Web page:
A preliminary study of fMRI-guided rTMS in the treatment of generalized anxiety disorder

Alexander Bystritsky*, Jonas T. Kaplan, Jamie D. Feusner, Lauren E. Kerwin, Mitali Wadekar, Mark Burock, Allan D. Wu, Marco Iacoboni

*Corresponding author for this work

Research output: Contribution to journalArticlepeer-review

57 Scopus citations


Background: Repetitive transcranial magnetic stimulation (rTMS) is a noninvasive method that holds promise for treating several psychiatric disorders. Yet the most effective location and parameters for treatment need more exploration. Also, whether rTMS is an effective treatment for individuals with a DSM-IV diagnosis of generalized anxiety disorder (GAD) has not been empirically tested. The goal of this pilot study was to evaluate whether functional magnetic resonance imaging (fMRI)-guided rTMS is effective in reducing symptoms of GAD. Method: Ten participants with a DSM-IV diagnosis of GAD, recruited from the UCLA Anxiety Disorders Program, and between the ages of 18 and 56 years were enrolled in the study from August 2006 to March 2007. Apretrcatment symptom provocation fMRI experiment was used to determine the most active location in the prefrontal cortex of the participants. Ten participants completed 6 sessions of rTMS over the course of 3 weeks, stereotactically directed to the previously determined prefrontal location. The primary efficacy measures were the Hamilton Rating Scale for Anxiety (HAM-A) and the Clinical Global Impressions-Improvement of Illness (CGI-I) scale. Response to treatment was defined as a reduction of 50% or more on the HAM-A and a CGI-I score of 1 or 2 ("very much improved" or "much improved," respectively). Results: Overall, rTMS was associated with significant decreases in HAM-A scores (t = 6.044, p = .001) indicative of clinical improvement in GAD symptoms. At endpomt, 6 (60%) of the 10 participants who completed the study showed reductions of 50% or more on the HAM-A and a CGI-I score of 1 or 2; those 6 subjects also had an endpoint HAM-A score < 8, therefore meeting criteria for remission. Conclusion: Results of the current study suggest that fMRI-guided rTMS treatment may be a beneficial technique for the treatment of anxiety disorders. Limitations include a small sample size and open-label design with a technology that may be associated with a large placebo response. These limitations necessitate further research to determine whether rTMS is indeed effective in treating anxiety disorders.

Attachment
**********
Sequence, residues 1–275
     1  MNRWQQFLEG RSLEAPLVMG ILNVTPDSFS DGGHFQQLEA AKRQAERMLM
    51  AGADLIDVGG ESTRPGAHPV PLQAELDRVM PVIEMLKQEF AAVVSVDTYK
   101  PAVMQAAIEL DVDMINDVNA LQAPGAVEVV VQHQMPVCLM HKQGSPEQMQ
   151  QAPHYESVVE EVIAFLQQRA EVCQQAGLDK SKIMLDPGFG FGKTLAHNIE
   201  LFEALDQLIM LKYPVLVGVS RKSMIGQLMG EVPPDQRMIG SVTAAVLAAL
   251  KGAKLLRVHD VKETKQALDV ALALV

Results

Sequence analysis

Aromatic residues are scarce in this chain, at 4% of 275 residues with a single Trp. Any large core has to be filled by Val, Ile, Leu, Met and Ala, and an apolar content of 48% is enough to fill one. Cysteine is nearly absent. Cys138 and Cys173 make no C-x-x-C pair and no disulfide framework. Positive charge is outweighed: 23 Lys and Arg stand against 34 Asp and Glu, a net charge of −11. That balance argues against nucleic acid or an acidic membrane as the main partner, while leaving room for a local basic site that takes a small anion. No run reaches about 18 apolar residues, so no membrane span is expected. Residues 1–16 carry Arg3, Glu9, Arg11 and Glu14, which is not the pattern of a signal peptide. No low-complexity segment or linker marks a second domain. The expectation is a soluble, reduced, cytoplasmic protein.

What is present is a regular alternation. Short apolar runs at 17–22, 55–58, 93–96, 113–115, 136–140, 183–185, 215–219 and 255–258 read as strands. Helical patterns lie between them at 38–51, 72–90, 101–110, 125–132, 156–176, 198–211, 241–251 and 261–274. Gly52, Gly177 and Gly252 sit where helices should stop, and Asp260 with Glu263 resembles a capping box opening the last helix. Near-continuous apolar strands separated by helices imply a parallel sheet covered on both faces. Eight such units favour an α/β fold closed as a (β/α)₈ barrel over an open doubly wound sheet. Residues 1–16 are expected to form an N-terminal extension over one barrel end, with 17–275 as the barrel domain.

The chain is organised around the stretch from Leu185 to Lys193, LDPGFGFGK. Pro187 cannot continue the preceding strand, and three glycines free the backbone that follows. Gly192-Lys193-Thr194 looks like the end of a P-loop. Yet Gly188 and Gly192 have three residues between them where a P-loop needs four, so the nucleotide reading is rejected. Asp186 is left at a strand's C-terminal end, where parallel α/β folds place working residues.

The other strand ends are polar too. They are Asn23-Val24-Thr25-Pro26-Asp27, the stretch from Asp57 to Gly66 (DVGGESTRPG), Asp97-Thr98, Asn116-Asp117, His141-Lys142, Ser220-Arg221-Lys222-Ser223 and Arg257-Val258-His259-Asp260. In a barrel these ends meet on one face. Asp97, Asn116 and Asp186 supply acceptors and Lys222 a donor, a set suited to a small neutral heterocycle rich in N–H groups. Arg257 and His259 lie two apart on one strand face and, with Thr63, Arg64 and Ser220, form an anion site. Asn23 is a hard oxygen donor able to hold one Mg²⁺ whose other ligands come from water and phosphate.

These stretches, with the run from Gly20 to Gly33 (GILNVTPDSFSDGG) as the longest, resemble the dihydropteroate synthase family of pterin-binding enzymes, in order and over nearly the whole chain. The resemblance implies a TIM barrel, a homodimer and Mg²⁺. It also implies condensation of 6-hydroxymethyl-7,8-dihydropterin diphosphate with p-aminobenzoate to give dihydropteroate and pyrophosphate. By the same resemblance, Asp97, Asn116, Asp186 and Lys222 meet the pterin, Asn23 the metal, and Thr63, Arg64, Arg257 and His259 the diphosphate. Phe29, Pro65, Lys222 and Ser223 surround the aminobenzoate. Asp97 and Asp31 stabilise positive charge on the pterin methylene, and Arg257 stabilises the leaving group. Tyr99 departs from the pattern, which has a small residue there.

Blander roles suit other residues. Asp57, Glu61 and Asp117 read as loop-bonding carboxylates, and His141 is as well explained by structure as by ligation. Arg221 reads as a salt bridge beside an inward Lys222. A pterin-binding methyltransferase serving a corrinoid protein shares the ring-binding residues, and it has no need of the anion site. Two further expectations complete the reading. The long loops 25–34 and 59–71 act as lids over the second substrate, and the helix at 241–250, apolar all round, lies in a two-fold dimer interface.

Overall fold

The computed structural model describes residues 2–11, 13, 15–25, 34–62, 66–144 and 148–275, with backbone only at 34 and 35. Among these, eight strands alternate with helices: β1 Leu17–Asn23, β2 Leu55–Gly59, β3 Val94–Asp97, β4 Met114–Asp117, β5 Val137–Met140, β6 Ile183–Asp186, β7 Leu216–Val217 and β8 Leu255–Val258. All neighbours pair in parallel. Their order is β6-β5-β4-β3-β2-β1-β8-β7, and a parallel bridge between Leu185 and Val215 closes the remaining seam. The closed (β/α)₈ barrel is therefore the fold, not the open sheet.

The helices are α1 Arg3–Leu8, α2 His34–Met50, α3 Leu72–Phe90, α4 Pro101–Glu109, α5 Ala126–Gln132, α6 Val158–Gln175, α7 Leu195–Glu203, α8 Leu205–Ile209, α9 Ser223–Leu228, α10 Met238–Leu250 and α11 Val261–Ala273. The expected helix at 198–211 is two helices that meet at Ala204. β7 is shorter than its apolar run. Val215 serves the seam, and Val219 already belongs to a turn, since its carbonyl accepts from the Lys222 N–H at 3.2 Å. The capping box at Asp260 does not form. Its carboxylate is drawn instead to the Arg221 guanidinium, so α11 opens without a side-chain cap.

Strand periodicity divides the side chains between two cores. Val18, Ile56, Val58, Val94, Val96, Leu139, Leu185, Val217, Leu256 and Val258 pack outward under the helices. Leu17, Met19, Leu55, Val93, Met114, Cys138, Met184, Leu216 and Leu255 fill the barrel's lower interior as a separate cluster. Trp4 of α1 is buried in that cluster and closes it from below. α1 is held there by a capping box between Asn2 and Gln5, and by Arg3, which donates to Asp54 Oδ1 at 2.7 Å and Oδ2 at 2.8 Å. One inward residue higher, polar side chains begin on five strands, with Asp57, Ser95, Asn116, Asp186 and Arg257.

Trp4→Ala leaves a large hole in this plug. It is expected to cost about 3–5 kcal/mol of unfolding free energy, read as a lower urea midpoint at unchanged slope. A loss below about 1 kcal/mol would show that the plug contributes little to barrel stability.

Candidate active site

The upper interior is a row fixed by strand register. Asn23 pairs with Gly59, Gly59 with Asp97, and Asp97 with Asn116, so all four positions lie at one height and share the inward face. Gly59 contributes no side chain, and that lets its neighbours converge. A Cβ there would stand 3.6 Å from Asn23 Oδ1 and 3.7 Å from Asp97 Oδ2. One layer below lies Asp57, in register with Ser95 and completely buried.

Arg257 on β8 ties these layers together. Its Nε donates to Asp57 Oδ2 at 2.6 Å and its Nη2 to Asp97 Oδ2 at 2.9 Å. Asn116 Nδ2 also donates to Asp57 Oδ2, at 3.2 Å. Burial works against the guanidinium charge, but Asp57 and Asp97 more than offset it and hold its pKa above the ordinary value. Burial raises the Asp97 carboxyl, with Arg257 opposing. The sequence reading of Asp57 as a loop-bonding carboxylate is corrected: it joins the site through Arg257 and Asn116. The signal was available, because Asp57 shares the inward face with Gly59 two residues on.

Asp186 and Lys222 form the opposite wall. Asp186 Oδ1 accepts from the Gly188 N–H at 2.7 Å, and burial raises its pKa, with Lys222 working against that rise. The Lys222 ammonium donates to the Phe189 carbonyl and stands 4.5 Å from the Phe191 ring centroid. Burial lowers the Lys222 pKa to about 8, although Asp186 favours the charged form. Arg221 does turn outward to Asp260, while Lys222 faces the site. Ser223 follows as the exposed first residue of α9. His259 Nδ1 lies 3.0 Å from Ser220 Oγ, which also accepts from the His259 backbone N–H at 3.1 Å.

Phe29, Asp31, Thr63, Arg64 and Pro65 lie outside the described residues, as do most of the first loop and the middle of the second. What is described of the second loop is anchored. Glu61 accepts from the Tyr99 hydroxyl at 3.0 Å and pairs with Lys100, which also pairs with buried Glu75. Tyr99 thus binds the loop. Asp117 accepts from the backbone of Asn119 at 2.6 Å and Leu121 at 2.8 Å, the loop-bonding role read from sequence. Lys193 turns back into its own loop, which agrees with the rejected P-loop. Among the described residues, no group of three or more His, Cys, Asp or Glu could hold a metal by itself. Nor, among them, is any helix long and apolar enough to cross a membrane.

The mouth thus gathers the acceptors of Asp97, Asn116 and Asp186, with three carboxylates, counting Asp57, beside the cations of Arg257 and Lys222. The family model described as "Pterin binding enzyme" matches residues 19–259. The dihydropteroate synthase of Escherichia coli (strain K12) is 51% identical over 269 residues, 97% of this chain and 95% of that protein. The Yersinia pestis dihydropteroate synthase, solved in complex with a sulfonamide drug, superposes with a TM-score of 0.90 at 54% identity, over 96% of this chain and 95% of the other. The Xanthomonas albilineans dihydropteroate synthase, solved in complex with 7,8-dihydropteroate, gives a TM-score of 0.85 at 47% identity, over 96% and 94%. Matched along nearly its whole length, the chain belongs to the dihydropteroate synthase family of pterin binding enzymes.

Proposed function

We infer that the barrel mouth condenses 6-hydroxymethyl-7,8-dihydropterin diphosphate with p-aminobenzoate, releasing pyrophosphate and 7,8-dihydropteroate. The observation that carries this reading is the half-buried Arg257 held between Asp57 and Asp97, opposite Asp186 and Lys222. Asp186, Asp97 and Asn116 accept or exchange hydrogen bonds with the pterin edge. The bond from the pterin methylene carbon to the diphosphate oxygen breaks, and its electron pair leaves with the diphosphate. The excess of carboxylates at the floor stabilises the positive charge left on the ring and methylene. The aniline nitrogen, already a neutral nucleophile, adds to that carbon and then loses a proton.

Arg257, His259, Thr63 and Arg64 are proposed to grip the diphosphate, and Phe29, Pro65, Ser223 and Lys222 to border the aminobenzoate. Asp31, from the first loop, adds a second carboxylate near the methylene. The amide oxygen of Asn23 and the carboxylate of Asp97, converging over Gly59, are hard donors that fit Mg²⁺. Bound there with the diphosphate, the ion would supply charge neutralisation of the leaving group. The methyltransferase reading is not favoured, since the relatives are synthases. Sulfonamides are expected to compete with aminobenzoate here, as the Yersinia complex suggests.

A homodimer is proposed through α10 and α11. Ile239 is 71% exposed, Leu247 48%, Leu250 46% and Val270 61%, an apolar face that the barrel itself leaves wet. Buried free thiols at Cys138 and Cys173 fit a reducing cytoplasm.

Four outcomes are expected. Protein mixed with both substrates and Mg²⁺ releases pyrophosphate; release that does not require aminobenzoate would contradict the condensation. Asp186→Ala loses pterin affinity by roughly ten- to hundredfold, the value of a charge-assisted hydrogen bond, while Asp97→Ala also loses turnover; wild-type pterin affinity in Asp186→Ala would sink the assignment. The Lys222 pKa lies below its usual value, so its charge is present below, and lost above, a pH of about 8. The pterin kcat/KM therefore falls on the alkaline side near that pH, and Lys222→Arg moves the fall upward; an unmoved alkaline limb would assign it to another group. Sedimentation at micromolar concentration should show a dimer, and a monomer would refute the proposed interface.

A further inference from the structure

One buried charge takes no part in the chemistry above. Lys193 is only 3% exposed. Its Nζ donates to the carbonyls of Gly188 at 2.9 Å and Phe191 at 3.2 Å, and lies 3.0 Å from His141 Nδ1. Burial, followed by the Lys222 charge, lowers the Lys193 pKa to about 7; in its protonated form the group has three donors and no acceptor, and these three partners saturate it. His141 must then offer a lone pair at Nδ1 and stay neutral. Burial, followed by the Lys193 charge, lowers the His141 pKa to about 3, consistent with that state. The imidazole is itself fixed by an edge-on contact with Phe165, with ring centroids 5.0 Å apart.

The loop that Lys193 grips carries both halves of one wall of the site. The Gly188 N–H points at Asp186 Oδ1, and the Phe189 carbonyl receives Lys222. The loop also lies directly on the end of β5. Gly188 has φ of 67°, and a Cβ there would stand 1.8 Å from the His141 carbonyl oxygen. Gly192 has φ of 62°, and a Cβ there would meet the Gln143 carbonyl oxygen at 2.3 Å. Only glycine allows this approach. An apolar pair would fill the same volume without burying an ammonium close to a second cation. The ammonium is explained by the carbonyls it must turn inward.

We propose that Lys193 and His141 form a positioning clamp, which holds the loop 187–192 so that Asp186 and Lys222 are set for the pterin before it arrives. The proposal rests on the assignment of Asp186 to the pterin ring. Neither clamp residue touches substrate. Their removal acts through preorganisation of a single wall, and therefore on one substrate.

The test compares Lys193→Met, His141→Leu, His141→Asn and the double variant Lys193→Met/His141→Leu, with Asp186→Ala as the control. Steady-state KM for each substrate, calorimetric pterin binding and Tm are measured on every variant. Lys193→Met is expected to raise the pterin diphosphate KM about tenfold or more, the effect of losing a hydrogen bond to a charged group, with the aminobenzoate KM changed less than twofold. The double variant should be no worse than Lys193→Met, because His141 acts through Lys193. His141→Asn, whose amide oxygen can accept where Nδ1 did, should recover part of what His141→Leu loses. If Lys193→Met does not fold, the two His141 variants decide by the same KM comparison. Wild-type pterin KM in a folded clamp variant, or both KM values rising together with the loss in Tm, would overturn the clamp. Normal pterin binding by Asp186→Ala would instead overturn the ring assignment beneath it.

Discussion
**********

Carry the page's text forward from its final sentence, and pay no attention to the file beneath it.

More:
Original languageEnglish (US)
Pages (from-to)1092-1098
Number of pages7
JournalJournal of Clinical Psychiatry
Issue number7
StatePublished - Jul 2008
Externally publishedYes

ASJC Scopus subject areas

  • Psychiatry and Mental health


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